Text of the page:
For once, he didn't have to be nervous about this answer. "No," Rodney said firmly, "I haven't got anything like that."

But Carson's attention had already gone to the suspiciously concentrated pile of dirty clothes. "What's this?" he asked, a twinkle in his eye.

"Carson, don't--" Rodney lurched forward, a hand outstretched to stop his friend from shifting the pile, but it was too late. The keyboard lay there, surrounded by the sweat stained shirt and pants from his latest foray into the gym.

"I didn't know you could play," Carson said.

Rodney snatched the portable keyboard up off the floor and briskly started rolling it up again. "I can't," he snapped.

"Then why did you bring a piano with you to a completely different galaxy?"

"Oh, for God's sake, Carson," Rodney glared at the doctor. "It's not a piano, it's a rolling keyboard. Just a synthesizer...and a pretty pathetic one at that." He dropped his gaze suddenly, only becoming aware of his white knuckled grip on the device when he saw his hands clutching it.

"Rodney," Carson said gently, laying a hand on his arm. McKay flinched and pulled his arm back, but his friend just reached out again and took a firmer grip. "What's wrong?"

"Nothing," Rodney muttered. He'd trotted out this sob story once before with a total lack of success. The stimulus had failed to produce the desired response. It didn't need to be repeated. It would, in fact, be redundant to conduct that particular experiment again.

He expected the doctor to push, like he always did. But what Carson actually said was, "Alright then. If you don't want to talk about it, maybe you'd like to play it."

"No!" Rodney shouted, and immediately winced at his own reaction. It was a reflex, I couldn't help it, he told himself miserably.

"I've already seen it. In for a penny, in for a pound, right?" Carson was coaxing him. Like skittish horse.

Rodney slammed the keyboard down on the desktop and unrolled it almost violently. "Fine," he said tightly, sitting. "You want me to play? I'll play." He plugged the speakers back in, his movements shaky and abrupt. Fine. He'd play and then Carson would never bug him about it again. And if he was going to be in for a pound, then he'd really be in for it. He'd play his own work.

The first few bars of the piece were necessarily staccato and sour. Rodney wasn't exactly being precise. But his perfectionism soon overtook his anger and the melody evened out and started sounding more like it was supposed to. He was a little over halfway through the composition when Carson brought a hand to rest on his shoulder.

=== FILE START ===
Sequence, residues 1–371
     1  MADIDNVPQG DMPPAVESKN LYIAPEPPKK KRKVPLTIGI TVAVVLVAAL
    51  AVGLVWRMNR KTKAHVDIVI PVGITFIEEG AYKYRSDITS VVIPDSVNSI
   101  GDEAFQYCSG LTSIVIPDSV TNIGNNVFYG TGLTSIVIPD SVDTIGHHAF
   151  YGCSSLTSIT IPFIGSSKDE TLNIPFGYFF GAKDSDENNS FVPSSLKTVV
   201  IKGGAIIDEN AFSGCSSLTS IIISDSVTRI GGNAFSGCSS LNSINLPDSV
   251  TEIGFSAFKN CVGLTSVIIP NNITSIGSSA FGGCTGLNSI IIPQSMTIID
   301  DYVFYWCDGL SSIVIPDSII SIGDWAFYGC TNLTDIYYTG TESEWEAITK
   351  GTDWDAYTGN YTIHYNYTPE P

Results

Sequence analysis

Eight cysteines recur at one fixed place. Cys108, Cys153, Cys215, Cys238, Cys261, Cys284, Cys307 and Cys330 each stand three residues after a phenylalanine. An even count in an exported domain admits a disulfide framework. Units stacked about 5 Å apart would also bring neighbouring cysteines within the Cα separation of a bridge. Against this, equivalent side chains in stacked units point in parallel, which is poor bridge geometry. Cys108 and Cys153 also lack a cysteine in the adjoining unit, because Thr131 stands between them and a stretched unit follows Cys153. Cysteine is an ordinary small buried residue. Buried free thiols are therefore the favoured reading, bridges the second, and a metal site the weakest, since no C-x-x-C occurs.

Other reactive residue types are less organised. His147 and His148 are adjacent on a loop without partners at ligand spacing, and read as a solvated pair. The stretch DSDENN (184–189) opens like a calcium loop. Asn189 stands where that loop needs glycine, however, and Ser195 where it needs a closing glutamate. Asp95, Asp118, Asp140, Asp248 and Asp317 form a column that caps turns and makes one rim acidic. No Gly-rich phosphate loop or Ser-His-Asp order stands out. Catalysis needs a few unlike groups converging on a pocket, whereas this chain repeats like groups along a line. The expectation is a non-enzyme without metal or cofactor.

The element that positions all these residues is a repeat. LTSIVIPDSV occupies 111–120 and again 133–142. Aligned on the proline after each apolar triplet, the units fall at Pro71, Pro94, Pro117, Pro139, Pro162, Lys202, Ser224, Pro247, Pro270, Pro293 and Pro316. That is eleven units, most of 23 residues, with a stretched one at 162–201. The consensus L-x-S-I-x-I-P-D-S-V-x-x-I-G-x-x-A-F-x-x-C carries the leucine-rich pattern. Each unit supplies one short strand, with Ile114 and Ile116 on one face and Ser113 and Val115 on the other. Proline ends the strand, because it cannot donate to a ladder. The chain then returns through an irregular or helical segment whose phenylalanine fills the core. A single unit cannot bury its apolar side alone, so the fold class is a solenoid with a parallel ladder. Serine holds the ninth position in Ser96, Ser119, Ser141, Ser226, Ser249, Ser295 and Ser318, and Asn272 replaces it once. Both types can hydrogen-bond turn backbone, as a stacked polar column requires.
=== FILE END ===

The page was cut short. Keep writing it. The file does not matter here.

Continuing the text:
Bowing his head a little, concentrating on the keys, Rodney wondered if Carson wanted him to stop already. But he hadn't said anything, so the scientist kept playing. The longer the hand remained on his shoulder, the harder he found it to ignore. Carson's touch seemed to radiate warmth. Rodney thought he might actually break into a sweat.

Fortunately, or unfortunately, the song wasn't that long. Rodney ran out of notes and let his hands fall from the keys.

"Is that all?" Carson whispered.

Rodney swallowed the knot in his throat. "Yes," he said crisply. "That's all I've got. That's all I can do. Will you stop pestering me now that you know I'm not any good?"

He expected Carson to take his hand off his shoulder and leave. Instead his friend used the grip to turn Rodney around. "Not any good?" Carson looked and sounded genuinely bewildered. "I'll grant you started out a little rough, but I'm not surprised, you were so upset. By the end I was really enjoying it. It just sounded...unfinished."

"Oh." Rodney blinked. What was he supposed to say to that? "It is unfinished," he said, feeling a little foolish. "I've been writing it since we got to Atlantis. I guess it won't be done until we leave."

Carson looked so surprised, it was comical. "You wrote that?" He firmly turned Rodney back to the keyboard. "Play it again. I want to hear the first part played properly."

"You're sure?" Rodney asked, looking down at the flat, unprepossessing keyboard.

Carson pulled up a chair next to him, sitting so close that their thighs pressed together. "I'm sure."

So Rodney started playing over again. Somehow, with his friend's leg pressed up against his, it didn't seem so hard to find the life his teacher had told him ought to be there, in the music. It wasn't just vibrations in the air, it was a story he was telling his friend.

When he got to the end, Rodney discovered there were a few new bars to the song.